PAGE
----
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SXSW Review: The Politics Of Sex In 'Weekend'

The Playlist By Gabe Toro | The Playlist March 25, 2011 at 5:09AM

Last year, Julio Medem’s “Room In Rome” was released. While there was a strong titillation factor implicit in the film’s erotic pairing of two would-be lesbians over the course of an extended lovemaking session, the film was an erotic but honest account of a wounded soul finding sanctuary in the arms of another. Sexuality faded into the background, and what was initially considered sensual was soon significantly weighty. The film, of course, never lost its flirt, its central healing occurring with a fourth-wall-breaking wink.
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Last year, Julio Medem’s “Room In Rome” was released. While there was a strong titillation factor implicit in the film’s erotic pairing of two would-be lesbians over the course of an extended lovemaking session, the film was an erotic but honest account of a wounded soul finding sanctuary in the arms of another. Sexuality faded into the background, and what was initially considered sensual was soon significantly weighty. The film, of course, never lost its flirt, its central healing occurring with a fourth-wall-breaking wink.

Initially, “Weekend” seems like the gay male corollary. Andrew Haigh’s directorial debut film follows Russell (Tom Cullen), an openly gay lifeguard who spends his days punching a clock and his nights touring the club circuit. When we meet him, it's in transit - he's quietly listening to the semi-drunken ramblings of friends and family at a warm get-together, smiling politely, his eyes glancing towards the exit.


Soon, he’s between the beats at a busy club, sipping drinks and glancing at scores of handsome men from across the dance floor. As neon comes over him, so too does Glen (Chris New), a shorter, more plucky-type. The two are immediately attractive together -- the darker Russell is moodier, more serious and, at-a-glance, more simple. His alpha-male looks closely resemble those of El Hedi Ben Salem of “Ali: Fear Eats The Soul,” immediately defying the racial and masculine conventions of what a “gay leading man” should look like. The clean-shaven Glen, meanwhile, is like a younger, virile Tom Roth, all slanted angles and nervous chattiness, nearly dwarfed by Russell’s hirsute countenance.

Russell takes Glen home, and the attraction is undeniable. Clothing comes off, drugs are ingested, and the two of them wake in each others' sweat and stench. What starts out as a romantic moment, the two of them sharing the covers amidst fractured memories of the previous night, becomes something a bit unconventional. Glen is an artist, and his art project involves recording the immediate reactions of his lover from the previous night. As is, the tape represents a suave seduction tool, a way for Glen’s lovers to bare all for his discerning eye. But there’s also implicit sadness in the gesture -- if he were grilling all his past dalliances in such a manner, why would both parties distance themselves after their own brutal honesty? As Russell politely, then more-than-candidly, opens up about the previous night’s events, he’s also doing his part to dissuade Glen’s apparent insecurities. But it turns out, Glen isn’t forthcoming about his situation. At the close of the weekend, he is headed to the states to become an artist in America. At this point, “Weekend” becomes as chatty as one of its obvious inspirations, “Before Sunrise,” as the two trade stories about their experiences and dedicate the time to learning about each other in depth.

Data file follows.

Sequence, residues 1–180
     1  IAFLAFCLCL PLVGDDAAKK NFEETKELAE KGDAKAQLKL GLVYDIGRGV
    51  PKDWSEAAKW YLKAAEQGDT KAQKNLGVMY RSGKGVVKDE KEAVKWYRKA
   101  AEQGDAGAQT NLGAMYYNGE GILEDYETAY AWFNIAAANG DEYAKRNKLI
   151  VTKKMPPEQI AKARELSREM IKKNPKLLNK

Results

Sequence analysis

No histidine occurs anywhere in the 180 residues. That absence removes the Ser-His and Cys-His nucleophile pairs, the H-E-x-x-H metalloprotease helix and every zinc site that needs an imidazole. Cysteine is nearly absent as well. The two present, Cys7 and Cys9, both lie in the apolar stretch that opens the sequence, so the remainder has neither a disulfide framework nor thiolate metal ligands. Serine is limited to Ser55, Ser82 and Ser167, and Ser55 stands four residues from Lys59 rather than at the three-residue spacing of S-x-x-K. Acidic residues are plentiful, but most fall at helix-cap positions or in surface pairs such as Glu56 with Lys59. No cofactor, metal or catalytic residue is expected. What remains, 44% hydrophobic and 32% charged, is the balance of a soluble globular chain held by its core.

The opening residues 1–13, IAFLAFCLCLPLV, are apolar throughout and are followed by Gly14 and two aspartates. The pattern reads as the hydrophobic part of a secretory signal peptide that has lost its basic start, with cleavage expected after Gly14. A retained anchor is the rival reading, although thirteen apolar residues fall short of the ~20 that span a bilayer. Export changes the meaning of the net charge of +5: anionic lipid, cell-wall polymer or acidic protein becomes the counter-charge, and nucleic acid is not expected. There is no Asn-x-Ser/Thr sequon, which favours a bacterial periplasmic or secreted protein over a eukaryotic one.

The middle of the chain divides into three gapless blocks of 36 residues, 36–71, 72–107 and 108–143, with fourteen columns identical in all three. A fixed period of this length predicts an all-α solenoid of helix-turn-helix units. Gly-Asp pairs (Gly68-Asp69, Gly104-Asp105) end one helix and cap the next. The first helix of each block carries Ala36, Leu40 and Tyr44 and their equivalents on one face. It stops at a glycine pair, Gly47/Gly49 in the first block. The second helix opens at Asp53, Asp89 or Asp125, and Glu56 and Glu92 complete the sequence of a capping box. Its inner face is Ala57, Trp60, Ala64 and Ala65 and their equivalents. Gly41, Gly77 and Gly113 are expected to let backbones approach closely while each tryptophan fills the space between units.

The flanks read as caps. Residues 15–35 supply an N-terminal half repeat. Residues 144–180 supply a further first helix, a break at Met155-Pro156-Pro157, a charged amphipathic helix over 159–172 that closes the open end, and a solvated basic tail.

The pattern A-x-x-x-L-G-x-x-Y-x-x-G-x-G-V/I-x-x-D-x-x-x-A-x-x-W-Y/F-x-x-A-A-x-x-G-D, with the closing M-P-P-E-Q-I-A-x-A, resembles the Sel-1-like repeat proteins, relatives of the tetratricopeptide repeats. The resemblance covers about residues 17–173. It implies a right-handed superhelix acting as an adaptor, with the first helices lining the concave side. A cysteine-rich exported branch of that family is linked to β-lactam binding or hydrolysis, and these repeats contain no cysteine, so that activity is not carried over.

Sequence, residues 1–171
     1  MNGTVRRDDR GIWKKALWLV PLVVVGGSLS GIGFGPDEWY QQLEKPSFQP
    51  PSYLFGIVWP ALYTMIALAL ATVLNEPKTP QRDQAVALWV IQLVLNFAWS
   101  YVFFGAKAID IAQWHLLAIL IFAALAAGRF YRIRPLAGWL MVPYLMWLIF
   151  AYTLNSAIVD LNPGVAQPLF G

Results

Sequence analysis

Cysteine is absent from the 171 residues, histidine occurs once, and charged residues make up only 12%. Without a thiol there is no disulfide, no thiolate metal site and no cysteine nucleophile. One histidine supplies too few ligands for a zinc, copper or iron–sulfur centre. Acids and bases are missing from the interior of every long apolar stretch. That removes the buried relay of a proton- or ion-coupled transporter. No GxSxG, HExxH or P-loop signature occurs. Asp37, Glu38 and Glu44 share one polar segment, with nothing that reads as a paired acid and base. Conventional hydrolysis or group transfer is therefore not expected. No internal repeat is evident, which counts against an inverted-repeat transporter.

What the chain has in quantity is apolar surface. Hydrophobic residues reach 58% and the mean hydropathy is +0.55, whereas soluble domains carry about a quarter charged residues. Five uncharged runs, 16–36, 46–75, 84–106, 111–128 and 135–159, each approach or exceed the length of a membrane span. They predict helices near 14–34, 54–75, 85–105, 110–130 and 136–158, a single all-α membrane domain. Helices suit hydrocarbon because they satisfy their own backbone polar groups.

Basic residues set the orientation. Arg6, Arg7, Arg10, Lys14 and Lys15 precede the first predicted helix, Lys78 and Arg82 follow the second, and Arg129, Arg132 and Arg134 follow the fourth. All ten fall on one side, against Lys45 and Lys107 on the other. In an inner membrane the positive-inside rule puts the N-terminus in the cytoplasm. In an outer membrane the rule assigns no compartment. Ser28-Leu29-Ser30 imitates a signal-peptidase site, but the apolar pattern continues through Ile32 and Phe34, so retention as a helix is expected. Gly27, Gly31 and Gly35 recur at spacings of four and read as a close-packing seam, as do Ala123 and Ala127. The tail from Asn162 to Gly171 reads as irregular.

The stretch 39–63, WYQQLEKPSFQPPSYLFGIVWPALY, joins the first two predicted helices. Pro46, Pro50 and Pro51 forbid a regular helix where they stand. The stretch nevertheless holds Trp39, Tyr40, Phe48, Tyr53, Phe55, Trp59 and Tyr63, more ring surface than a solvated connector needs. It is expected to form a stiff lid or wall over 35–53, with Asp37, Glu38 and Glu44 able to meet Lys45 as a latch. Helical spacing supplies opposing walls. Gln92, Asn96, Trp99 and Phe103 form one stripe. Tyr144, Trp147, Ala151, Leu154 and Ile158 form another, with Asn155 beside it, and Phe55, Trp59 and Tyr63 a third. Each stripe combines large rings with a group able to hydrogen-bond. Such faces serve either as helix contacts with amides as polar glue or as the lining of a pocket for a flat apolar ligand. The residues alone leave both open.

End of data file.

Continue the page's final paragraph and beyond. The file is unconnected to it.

What proves most provocative about “Weekend” isn’t the casual presentation of sex, but rather the idea that homosexuality, and to a lesser extent heterosexuality, is in and of itself a political act. Russell seems to tolerate his hetero co-workers spending their lunch break discussing vile fantasies of defiling women, but when Glen addresses the issue, clearly he views politics as a weapon, and the hetero-oversharing should only be greeted by more firepower of the homosexual persuasion. It’s these ideological conflicts that draws them together, creating a meaningful romantic relationship. Both parties seem aware there won’t be much interaction beyond the weekend, so they cram a month’s worth of affection into one small afternoon and morning. A moment when Glen pretends to be Russell’s disapproving father is unexpectedly touching and wonderfully kind in how it allows both men to exorcise certain demons.

Haigh has made a mostly-assured debut film. While it is shot in the flat digital style that disallows for real exploitation of the medium, it does increase the intimacy between the two characters, though that is nearly marred by a structural late-film misstep that ensconces “Weekend” within a predictable “doomed lovers” subgenre. Without affected pretense, the low-key “Weekend” has an unexpected power that unquestionably lingers. [B+]

This article is related to: Films, Review, Weekend, SXSW Film Festival


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